Glozel has a validity certification from the great majority of historians all around the world . . . There is an immense list of scholars fully committed to truth who are authenticating the findings and the conclusions on the importance of Glozel, at the same time condemning the attitude of their vain, envious colleagues and bad [sic.] scientists.
From 1924 to 1930, a total of some 3,000 artifacts, variously dated to Neolithic, Iron Age and Medieval times were unearthed, including clay tablets, sculptures and vases, some of them inscribed with letters.
At the time the finds initiated a series of claims and counterclaims among French archaeologists. Some regarded the items as authentic, while others concluded the items were hoaxes.
: [site protected]
Most of the artifacts are dated 3000 B.C. But there are pieces that are younger and some that might date back 17,000 years. A lesser known fact is that there are also numerous stone relics with carvings which are very old.
Glozel Archeology and History
: [French site: translated]
"Thermoluminescence testing measures the time interval passed since the last heating, which does not always correspond to the date of manufacture (for the terra cotta, the last use of the furnace, etc). Fires or restoration using a heating source can distort the interpretation of the test results." (Source: French Ministry of Culture)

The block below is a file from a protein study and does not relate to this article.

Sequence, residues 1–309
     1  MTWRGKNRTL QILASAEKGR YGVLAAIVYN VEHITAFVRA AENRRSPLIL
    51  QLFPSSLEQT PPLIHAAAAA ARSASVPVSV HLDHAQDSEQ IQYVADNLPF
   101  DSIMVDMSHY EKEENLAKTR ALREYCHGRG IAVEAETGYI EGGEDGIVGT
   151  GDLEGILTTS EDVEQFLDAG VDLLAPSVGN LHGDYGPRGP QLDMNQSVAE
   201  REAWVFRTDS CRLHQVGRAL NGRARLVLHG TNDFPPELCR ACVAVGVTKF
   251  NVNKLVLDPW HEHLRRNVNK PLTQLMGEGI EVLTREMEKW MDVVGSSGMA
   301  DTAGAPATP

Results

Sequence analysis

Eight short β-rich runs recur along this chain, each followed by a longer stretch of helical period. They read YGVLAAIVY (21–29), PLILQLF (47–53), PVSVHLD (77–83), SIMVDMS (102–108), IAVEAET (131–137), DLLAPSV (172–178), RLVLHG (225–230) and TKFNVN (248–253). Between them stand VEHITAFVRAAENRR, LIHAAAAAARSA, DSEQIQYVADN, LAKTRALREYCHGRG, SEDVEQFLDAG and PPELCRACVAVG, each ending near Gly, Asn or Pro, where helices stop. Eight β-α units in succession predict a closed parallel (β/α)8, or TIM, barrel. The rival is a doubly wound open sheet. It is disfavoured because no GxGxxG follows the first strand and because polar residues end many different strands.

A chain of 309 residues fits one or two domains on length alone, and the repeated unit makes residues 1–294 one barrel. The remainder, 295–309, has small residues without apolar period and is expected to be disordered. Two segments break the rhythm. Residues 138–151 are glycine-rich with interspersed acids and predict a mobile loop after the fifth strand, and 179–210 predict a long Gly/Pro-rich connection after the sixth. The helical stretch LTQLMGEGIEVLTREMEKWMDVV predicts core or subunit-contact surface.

In 1983, new TL tests were applied at the laboratory of Oxford on five ceramic samples found near the oval pit. The dates range from 400 AD to medieval times. Such results can be explained only by this incidental resetting of the thermoluminescence clock.
[In other words, if reheating occurs, the thermoluminescence clock can be "reset to zero" causing old artifacts to appear younger. Since glass was manufactured at the site using furnaces, this is a factor R.C.L.]
Strange Stories, Weird Facts
A variety of artifacts
At Glozel, France, archaeologists find a collection of bricks and inscribed tablets, two paring knives, two small axes, and stones bearing inscriptions that have been shown to date from 10,000 to 15,000 years ago.
It can be seen from the above that the archeological material unearthed at Glozel has created controversy as well as stimulated thinking among archeologists. When one enters a search for Glozel Tablets there is no end to the variety of opinions and conflicting results of scientific tests in regard to the materials. But the discrimminating researcher will notice that several prominant archeologists and paleographers have pronounced a number of the inscribed artifacts authentic. It is hoped that this page will stimulate the enthusiast to research the issue further.
* In the years since this page was first written sites have disappeared from the net, content of articles has changed, and wording possibly altered. I stand behind what is presented here as being an accurate representation of what was once a portion of these carefully chosen sites. Fortunately, the most important sites (from this author's point of view) remain intact.R.C.L. [back]